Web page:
Urban Farming: Creating An All Saints Day Memorial Garden

A pansy and a rock are now part of our garden at Pilgrims.
A pansy and a rock are now part of our garden at Pilgrims.

All Saints Day is the Sunday in the Christian calendar to remember, celebrate, and  honor those saints who have gone before us, who create the great "cloud of witnesses."

Saints are not the model of Christian and human perfection.

Saints are those flawed, broken people (everyone) who God used to do holy things (all the things).

All Saints is the liturgical reminder that nothing, neither life nor death, can separate us from each other and from God.

Church of the Pilgrims has an All Saint's Day service that includes the lighting of candles and sharing the names of those who have died, particularly in the last year.

This year at Pilgrims we set the invitation to invite folks to come forward and light a candle, possibly saying the same and something about the person they are lighting the candle for. This happens in replace of a sermon.

At the end of the service this year, we created a memorial garden in our urban garden. This was inspired by many things, including a ritual that took place outside of worship a few weeks prior for a woman whose lost a baby from a miscarriage. As part of the ritual, we planted an azalea in the garden as an act of remembrance.

Creating this memorial garden was surprising simple. I asked several folks who had experienced loss in the past year to help out----buying pansies (which thrive in the cold), rocks and helping with the liturgy. Andy, our young adult volunteer, prepped the garden by loosening up the soil.

After communion, as we were gathered around the table, these words were spoken:

We have remembered the communion of saints through song and prayer, Word and sacrament. Now we remember by creating beauty in our garden.

 

 Together, following the sound of Rachel’s drumming, we will gather up these pretty pansies, the rocks, and walk to the garden. There we will create a memorial garden for our cloud of witnesses by planting the flowers and writing on the rocks names of those who have died.

 

 In the planting and in the writing of names we will create a space where love and relationships and memories are planted. It will be a place where we can visit and remember.

 

 The plants and rocks won’t last forever. But neither do we. Hopefully those we remember with the rocks and the plants, in this creation of a memorial garden, will feel a bit closer to us.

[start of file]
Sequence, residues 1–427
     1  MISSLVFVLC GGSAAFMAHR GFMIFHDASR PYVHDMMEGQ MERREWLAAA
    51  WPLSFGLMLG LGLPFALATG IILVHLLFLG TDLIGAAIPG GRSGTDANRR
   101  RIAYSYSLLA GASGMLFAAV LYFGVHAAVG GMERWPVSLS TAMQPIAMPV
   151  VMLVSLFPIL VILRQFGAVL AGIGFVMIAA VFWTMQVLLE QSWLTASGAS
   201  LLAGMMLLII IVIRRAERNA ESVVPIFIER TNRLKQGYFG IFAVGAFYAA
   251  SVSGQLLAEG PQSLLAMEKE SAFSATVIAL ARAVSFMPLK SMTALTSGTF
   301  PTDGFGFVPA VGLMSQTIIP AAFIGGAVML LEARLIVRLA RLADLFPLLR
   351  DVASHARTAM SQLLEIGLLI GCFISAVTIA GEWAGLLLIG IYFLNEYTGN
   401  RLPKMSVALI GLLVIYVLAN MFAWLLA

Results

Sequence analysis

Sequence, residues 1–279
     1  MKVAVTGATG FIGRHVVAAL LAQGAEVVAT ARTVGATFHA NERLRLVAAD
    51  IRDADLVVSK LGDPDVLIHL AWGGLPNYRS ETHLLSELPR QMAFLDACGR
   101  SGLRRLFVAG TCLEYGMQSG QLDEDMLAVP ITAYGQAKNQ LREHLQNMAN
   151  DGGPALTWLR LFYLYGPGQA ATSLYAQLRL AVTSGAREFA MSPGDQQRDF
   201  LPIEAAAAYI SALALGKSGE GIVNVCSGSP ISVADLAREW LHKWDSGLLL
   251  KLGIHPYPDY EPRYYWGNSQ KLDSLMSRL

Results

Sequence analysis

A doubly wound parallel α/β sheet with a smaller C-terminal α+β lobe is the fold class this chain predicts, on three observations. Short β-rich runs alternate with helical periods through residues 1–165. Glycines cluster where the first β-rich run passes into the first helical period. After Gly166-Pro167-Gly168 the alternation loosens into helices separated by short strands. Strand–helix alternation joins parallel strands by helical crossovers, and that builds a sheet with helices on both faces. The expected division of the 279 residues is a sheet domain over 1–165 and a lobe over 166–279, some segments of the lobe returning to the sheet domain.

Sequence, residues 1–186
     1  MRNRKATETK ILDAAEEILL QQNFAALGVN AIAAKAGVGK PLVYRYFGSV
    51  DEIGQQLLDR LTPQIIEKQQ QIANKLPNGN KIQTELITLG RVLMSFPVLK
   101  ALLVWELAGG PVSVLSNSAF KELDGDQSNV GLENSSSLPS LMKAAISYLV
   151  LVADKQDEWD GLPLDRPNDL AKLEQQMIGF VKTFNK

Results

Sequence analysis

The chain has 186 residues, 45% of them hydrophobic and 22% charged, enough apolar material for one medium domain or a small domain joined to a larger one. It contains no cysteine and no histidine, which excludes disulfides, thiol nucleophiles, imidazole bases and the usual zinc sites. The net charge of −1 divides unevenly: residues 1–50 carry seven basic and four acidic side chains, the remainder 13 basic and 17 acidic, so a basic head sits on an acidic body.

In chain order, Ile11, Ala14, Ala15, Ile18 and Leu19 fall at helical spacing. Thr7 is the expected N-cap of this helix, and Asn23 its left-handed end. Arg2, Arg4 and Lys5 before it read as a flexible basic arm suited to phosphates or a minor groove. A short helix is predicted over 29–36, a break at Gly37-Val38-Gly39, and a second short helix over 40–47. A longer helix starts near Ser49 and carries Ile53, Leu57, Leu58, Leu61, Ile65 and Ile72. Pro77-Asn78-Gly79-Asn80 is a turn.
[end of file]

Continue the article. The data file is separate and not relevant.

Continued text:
As Rachel starts to drum, follow her. Rachel’s drum will sound like heartbeat, reminding us those who have died are still close to us.

 

For those who need a shorter distance to walk with no steps to climb, follow Andy.

Help take the flowers and rocks and markers out to the garden.

 

Let us go, plant, and remember.

Then we walked back to the garden with the beat of a drum.

Once we gathered in the garden, these words were spoken:

From ashes to ashes, dust to dust, and soil to soil. As we plant our flowers and write names on the rocks, we honor the lives of the dead. We honor they are now our ancestors, our communion of saints, a community of deep time.

 

As we plant and name, their spirits become imprinted upon our garden and linked to this land and Church of the Pilgrims.

 

While the mystery of death remains hidden from us, the living, we can be aware of death in our lives and how death can drive the beauty of this garden. 

 

We can still be guided and cared for by our invisible community of the dead, made visible in these flowers and rocks.  It is they who can remind us of the sacred responsibility we have as the living to protect and care for all of Creation—the home of the living and the dead. We can remember, as we plant the flowers in the soil and place the rocks, that life doesn’t disappear; it just changes shape and form.

 

If you don’t have a plant to plant for someone or the name of anyone to write on a rock, help someone else plant their plant. Help them place the rock gently on the soil after they’ve written a name.

 

 Let us show each other we aren’t alone in our remembering.